Activist Investor Presses for Changes in Focus and Management at P&G
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Procter & Gamble Company (NYSE: PG) announced at the end of last week that it will purchase the remaining 50% of a joint venture that it operates with the Spanish non-durable consumer goods manufacturer Agrolimen Group (privately held). PG acquired its first 50% of the enterprise in 1989, when PG and Agrolimen Group entered into the venture. Part of the joint venture, Arbora & Ausonia (A&A), manufactures baby and feminine hygiene products under the Dodot, Kandoo, Charmin, Evax, Asonia, and Tampax brands. A&A is headquartered in Barcelona and sells almost exclusively in the Spanish and Portuguese markets. Agrolimen Group first announced its decision to sell its 50% stake in A&A to PG last Friday and stated that it may take as long as the remainder of 2012 for the transaction to be completed.
The announcement comes as no surprise to observers of PG. The consumer goods giant had stated earlier this year that it intended to change its overall corporate strategy and focus on building market share and revenue in the major markets for its largest, core products. PG had previously maintained a strategy of focusing on expanding business in new markets. Market analysts have noted that A&A's baby and hygiene products fit in well with PG and its new strategy. PG operates six core divisions: Beauty, Grooming, Health Care, Pet Care, Fabric and Home Care, and Baby and Family Care. PG has not yet stated how A&A will fit into its current corporate structure, and also declined to discuss how it believed the deal would affect future earnings. PG's next earnings report is scheduled to be released on August 3, 2012.
PG's reputation among market analysts has been that of a steady, but lackluster underperformer. PG's purchase of the remaining 50% of A&A appears to be one of the first steps in its effort to implement the new strategy. The corporate leadership of PG has faced intense pressure from activist investor Bill Ackman to improve company growth, replace CEO Bob McDonald, and make deep cost cuts to improve corporate profit margins. Ackman has recently acquired a little over 1% of PG's stock, but his influence with the company is—as with other recent acquisitions—far greater than would normally be expected for a stockholder with a holding of that size. Through his company, Pershing Square Capital Management, LLP (privately held), he has acquired significant stakes in, among others, McDonald's Corporation (NYSE: MCD), J.C. Penney (NYSE: JCP), Target Corporation (NYSE: TGT), and Canadian Pacific Railway (NYSE: CP). In most cases, Ackman obtains a significant share of stock—as much as 12% of all common stock in the case of CP—then uses his influence to bring about changes in management and actively manage the corporation himself. Ackman appears to be using this same strategy in his current pursuit of PG.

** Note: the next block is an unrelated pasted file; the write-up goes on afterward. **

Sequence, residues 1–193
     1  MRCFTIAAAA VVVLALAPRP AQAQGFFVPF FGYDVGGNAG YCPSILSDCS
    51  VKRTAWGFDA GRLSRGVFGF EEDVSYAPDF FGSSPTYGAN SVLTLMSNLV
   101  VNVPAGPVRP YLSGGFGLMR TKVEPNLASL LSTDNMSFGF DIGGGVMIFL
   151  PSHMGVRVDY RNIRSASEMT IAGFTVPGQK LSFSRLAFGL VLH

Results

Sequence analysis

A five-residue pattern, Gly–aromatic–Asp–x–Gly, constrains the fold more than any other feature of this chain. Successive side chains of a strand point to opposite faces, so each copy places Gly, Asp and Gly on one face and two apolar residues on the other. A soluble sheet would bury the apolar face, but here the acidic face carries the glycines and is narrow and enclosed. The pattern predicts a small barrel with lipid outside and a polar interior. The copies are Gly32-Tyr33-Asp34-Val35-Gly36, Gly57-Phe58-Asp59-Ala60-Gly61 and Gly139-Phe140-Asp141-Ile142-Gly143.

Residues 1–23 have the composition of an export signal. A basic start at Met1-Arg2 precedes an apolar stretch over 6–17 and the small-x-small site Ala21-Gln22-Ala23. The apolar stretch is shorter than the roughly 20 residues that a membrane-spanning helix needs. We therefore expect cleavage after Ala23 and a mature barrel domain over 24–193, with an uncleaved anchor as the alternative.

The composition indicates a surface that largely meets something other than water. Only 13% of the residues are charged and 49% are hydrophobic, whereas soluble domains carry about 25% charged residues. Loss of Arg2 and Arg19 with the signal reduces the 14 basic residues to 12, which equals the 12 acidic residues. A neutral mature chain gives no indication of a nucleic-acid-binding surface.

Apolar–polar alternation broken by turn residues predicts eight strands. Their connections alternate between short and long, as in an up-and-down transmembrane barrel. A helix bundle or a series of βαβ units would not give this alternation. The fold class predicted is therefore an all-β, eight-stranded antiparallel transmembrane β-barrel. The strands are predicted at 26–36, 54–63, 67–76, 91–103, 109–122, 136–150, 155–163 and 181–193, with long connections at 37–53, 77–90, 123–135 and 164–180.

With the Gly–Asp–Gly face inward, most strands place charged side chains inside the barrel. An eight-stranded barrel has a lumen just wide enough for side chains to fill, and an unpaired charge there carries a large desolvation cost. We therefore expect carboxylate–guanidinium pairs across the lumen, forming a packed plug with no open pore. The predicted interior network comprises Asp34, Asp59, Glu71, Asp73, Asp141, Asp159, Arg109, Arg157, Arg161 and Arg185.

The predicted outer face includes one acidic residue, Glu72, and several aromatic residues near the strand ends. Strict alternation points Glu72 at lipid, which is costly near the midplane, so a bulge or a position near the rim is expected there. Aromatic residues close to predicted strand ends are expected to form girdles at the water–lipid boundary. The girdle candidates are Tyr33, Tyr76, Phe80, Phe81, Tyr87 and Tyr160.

PG, however, appears to be resisting Ackman's overtures to some extent. The PG board stated on July 18th that it supports CEO Robert McDonald and his plan to bring the company out of the doldrums. Market analysts have stated that PG has hired consultants to help them "manage" Ackman and the changes in corporate management that they expect he will demand. The current value of Ackman's holdings in PG is estimated to be approximately $2 billion.
PG's corporate boardroom drama comes at a time when the consumer non-durable products market is looking up. PG's main competitors in the market, Colgate-Palmolive Co. (NYSE: CL) and Kimberly-Clark, have noted significant recent success. On July 26th, CL announced that its quarterly earnings were in line with earlier, higher estimates, and that it expects double-digit growth this year in earnings per share. CL's products include Speed Stick deodorant and Colgate toothpaste. On the same day, KMB—whose major brands include Huggies diapers and Kleenex tissues—announced that its quarterly profit exceeded expectations; so much so, in fact, that the company was raising its full-year profit projections.
In recent years, PG has been flat in its profits and sometimes even sluggish. I believe that PG's time is now here. PG has formulated a strategy for growth that puts it on track to re-focus on its core business—its acquisition of A&A being the most recent and visible example of this new focus. Ackman's new role at PG, his pressure on the company to reduce personnel costs and jettison less profitable divisions, and PG's response all show that the company is no longer just marking time, but taking an active role in bringing back solid, steady growth. Furthermore, the growth and solid financial performance of PG's main competitors in the non-durable consumer goods market bode well for PG. I heartily recommend the stock to investors for growth and profitability.
muhammadbazil has no positions in the stocks mentioned above. The Motley Fool owns shares of McDonald's. Motley Fool newsletter services recommend Kimberly-Clark, McDonald's, and The Procter & Gamble Company. Try any of our Foolish newsletter services free for 30 days. We Fools may not all hold the same opinions, but we all believe that considering a diverse range of insights makes us better investors. The Motley Fool has a disclosure policy.If you have questions about this post or the Fool’s blog network, click here for information.